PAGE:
Beyoncé has removed a lyric from her new album Renaissance after it was called out for being “ableist.”
Twitter was up in arms over the song “Heated” in which Beyoncé sings: “Spazzin’ on that ass, spazz on that ass.” The word “spastic” is often used in the medical field to describe a disability that makes it challenging for people to control their muscles, especially in their arms and legs.
As confirmed by Variety, the lyric will now be removed from all digital versions of the album. “The word, not used intentionally in a harmful way, will be replaced,” Beyoncé’s team said in a statement.
Renaissance was released on Friday (July 29) and “Heat” was quickly labeled “ableist” and “offensive” by a number of people on social media.
It also inspired an essay published by The Guardian that read in part: “Beyoncé’s commitment to storytelling musically and visually is unparalleled, as is her power to have the world paying attention to the narratives, struggles and nuanced lived experience of being a Black woman… But that doesn’t excuse her use of ableist language.”
So @Beyonce used the word 'spaz' in her new song Heated. Feels like a slap in the face to me, the disabled community & the progress we tried to make with Lizzo. Guess I'll just keep telling the whole industry to 'do better' until ableist slurs disappear from music 💔
— Hannah Diviney (@hannah_diviney) July 30, 2022
Lizzo faced similar backlash last month for using the exact same word in her song “Grrls.” As one person wrote, “Hey @lizzo my disability Cerebral Palsy is literally classified as Spastic Diplegia (where spasticity refers to unending painful tightness in my legs) your new song makes me pretty angry + sad. ‘Spaz’ doesn’t mean freaked out or crazy. It’s an ableist slur. It’s 2022. Do better.”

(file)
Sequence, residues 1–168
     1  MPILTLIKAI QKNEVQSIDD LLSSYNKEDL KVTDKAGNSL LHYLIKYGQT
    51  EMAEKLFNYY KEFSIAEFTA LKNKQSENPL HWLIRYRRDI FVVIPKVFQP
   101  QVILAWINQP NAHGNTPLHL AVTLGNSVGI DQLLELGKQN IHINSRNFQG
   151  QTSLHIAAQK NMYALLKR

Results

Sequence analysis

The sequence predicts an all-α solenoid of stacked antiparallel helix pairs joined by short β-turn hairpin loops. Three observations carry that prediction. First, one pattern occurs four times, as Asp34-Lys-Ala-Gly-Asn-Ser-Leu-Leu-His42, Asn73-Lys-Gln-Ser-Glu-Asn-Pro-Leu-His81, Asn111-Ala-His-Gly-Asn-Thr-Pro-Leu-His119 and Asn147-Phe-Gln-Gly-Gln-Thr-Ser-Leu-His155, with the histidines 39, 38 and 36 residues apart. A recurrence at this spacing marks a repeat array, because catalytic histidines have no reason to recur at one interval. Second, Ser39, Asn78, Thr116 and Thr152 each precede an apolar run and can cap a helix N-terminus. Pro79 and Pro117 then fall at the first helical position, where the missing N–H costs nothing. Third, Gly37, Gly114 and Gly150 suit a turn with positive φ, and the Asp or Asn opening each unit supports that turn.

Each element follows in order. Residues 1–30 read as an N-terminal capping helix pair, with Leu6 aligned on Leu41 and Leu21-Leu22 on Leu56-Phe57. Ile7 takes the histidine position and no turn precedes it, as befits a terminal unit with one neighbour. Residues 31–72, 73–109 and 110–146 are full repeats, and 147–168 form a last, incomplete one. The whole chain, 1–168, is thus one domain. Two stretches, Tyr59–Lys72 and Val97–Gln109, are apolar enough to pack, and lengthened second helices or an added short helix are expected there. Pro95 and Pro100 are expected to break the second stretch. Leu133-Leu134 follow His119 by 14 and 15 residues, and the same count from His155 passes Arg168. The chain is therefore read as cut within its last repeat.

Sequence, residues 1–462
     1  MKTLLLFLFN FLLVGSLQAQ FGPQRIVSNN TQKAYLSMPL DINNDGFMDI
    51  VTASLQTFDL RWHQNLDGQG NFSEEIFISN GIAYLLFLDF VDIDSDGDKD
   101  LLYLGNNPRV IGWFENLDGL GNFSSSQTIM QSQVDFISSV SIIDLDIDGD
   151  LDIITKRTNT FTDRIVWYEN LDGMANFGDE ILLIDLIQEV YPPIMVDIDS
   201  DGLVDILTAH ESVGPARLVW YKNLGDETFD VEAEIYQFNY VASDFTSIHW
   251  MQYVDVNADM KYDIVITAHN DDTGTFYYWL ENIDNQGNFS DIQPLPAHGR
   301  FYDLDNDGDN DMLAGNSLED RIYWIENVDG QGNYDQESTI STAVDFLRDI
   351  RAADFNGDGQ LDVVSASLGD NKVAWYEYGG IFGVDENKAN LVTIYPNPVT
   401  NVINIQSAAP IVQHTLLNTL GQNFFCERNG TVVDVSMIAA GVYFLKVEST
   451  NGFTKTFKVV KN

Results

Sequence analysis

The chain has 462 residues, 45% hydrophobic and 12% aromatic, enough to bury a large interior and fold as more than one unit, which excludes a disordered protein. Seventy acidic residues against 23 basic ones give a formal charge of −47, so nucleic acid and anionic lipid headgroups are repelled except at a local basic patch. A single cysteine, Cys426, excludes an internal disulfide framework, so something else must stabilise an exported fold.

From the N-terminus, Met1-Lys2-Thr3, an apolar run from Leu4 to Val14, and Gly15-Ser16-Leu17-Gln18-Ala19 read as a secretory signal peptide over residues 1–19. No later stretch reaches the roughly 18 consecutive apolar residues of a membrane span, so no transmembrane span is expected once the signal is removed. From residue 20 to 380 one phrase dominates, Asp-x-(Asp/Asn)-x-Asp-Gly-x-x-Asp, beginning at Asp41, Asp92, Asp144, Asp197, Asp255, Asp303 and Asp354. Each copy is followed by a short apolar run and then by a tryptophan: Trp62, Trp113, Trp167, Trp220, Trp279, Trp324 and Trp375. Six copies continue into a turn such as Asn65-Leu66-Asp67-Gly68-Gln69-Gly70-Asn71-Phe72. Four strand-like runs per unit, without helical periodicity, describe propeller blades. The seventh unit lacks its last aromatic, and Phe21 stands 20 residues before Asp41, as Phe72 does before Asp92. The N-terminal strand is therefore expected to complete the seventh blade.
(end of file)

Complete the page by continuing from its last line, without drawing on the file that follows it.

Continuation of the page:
Lizzo accepted culpability for offending anyone with a Twitter post that read, “It’s been brought to my attention that there is a harmful word in my new song ‘GRRRLS.’ Let me make one thing clear: I never want to promote derogatory language.
She continued: As a fat Black woman in America, I’ve had many hurtful words used against me so I overstand the power words can have (whether intentionally or in my case unintentionally).
“I’m proud to say there’s a new version of ‘GRRRLS’ with a lyric change. This is the result of me listening and taking action. As an influential artist I’m dedicated to being a part of the change I’ve been waiting to see in the world. Xoxo, Lizzo.”
Despite the controversy, Renaissance is expected to debut at No. 1 on the Billboard 200 with over 315,000 total album-equivalent units sold in its opening week.